Effect of Insufficient Homogenisation of Pigmented Resin During the Extrusion of Polyethylene Pipes on the Mechanical Performance of Butt Fusion Joints
TWI Industrial Member Report 1170-2023 [pdf / 2099 KB]
By C Yu and M Troughton
High-density polyethylene (HDPE) is becoming more and more popular for pipe applications because of the lower cost, higher resistance to chemical corrosion and biological attack, and greater flexibility compared with metallic materials.
Additives are used to improve the long-term performance of HDPE pipes. Carbon black (CB) is one of the most widely used additives in HDPE pipes due to its low cost and absorption of ultraviolet light, which contributes to the resistance of HDPE pipes against thermal and photo degradation.
There are two main methods for making black HDPE pipe: pre-compounding and in-line extrusion. In the pre-compounding extrusion process, a black pre-compounded HDPE material is prepared by compounding HDPE powder with carbon black masterbatch (CBMB) and antioxidants. The black pre-compounded HDPE granules are then fed into a pipe extruder to produce pipes. In the in-line extrusion process, a non-pigmented compound (NPC) is prepared by compounding HDPE powder and antioxidants. The NPC and CBMB granules are then dry mixed and fed directly into the pipe extruder to produce the final pipe.
During the extrusion of HDPE pipes, CB particles tend to agglomerate and, in addition to this, the high molecular weight part of the HDPE tends to self-segregate and float in the molten low molecular weight part due to significant viscosity differences between these two. As a result, insufficient homogenization during in-line extrusion of black HDPE pipes may occur because of improper screw design or using improper mixing elements. This can be observed as white striations within the pipe, known as windows, where there is no CB.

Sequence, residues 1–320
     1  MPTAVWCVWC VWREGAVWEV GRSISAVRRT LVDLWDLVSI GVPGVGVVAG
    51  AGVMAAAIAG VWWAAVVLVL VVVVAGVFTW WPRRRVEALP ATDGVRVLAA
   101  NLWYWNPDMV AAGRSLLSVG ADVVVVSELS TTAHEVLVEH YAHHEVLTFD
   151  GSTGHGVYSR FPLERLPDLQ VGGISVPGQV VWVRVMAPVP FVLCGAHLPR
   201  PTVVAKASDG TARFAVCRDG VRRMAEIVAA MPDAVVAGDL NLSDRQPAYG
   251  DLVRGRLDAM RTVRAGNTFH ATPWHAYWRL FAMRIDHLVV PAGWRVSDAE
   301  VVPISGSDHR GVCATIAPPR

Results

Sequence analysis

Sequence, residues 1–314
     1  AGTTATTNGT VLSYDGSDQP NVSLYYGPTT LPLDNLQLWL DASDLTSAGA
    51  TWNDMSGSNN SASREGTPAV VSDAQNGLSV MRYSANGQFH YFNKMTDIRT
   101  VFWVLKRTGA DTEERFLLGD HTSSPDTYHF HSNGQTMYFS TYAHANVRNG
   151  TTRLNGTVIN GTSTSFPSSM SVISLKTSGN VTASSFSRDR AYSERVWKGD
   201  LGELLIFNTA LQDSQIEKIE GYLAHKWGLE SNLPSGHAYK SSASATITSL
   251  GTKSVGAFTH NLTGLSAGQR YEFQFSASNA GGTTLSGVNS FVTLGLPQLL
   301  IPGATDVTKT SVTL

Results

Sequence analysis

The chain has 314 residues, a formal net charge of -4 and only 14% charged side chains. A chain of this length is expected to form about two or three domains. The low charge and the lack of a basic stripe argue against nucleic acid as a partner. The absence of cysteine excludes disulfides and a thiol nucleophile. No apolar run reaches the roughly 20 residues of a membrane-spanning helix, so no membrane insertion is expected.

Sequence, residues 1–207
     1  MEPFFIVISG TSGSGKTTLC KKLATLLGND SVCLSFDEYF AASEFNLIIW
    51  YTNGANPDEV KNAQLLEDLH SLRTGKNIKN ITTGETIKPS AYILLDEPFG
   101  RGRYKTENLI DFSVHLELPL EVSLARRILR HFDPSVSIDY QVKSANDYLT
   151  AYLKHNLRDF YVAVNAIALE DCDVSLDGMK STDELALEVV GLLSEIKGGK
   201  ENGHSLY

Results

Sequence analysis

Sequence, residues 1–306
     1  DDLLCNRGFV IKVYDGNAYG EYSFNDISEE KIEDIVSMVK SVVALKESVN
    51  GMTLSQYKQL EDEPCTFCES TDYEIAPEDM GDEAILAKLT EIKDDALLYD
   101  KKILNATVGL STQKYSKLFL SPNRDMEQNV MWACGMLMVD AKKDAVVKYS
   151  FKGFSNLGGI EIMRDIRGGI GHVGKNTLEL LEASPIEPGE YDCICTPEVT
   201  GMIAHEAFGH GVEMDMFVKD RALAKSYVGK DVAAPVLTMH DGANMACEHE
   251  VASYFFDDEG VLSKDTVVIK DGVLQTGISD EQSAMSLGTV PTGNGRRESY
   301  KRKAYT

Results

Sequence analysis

As well as the mechanical properties of HDPE pipes, the integrity of their welded joints is also very important for the quality of an HDPE pipeline. One of the most widely used welding techniques for HDPE pipes is butt fusion (BF) welding. Previous work at TWI has shown that BF joints in HDPE pipes containing windows can have reduced short-term integrity.
In order to determine an acceptable level of windows in HDPE pipes that does not affect the short-term integrity of the BF joints, a method for quantifying the level of windows in HDPE pipes is required, together with information on the mechanical performance of the BF joints made from HDPE pipes containing different levels of windows. This will help industry to improve the quality of black HDPE pipes without the requirement to eliminate windows completely.
a) Windows in a ribbon (100µm thick) cut from an HDPE pipe b) Ductile failure of WTT specimen from BF joint containing no windowsc) Brittle failure of WTT specimen from BF joint containing 18% windows
Windows in HDPE pipes are concentrated roughly in the central third of the pipe wall and are concentrated in a number of areas around the pipe circumference, depending on the design of the pipe extruder die. For the pipes investigated in this project, the windows were concentrated in four regions 90° apart.
A procedure for quantifying the level of windows in an HDPE pipe has been developed, based on image analysis of the ribbons produced during the trimming stage of the BF welding operation. This procedure clearly distinguished between different batches of HDPE pipes that were made using the in-line extrusion process on the same extruder but using different processing conditions.
Three short-term mechanical tests (a tensile test using a waisted section at the joint interface (WTT), according to EN 12814-7; a tensile impact test, according to ASTM F2634; and a guided side bend test, according to ASTM F3183) were carried out on BF welds produced using the five batches of HDPE pipes with different levels of windows. All of the tested short-term mechanical properties of the BF joints reduced with increasing levels of windows in the pipe walls. However, the only test that could differentiate between all five batches was the WTT. The energy to break per unit cross-sectional area in the WTT was the most discriminating property and was therefore used to determine an acceptable level of windows that did not result in a brittle failure mode during the WTT.
A critical value of 0.5% was found to be the maximum level of windows that did not reduce the ductility of the joint.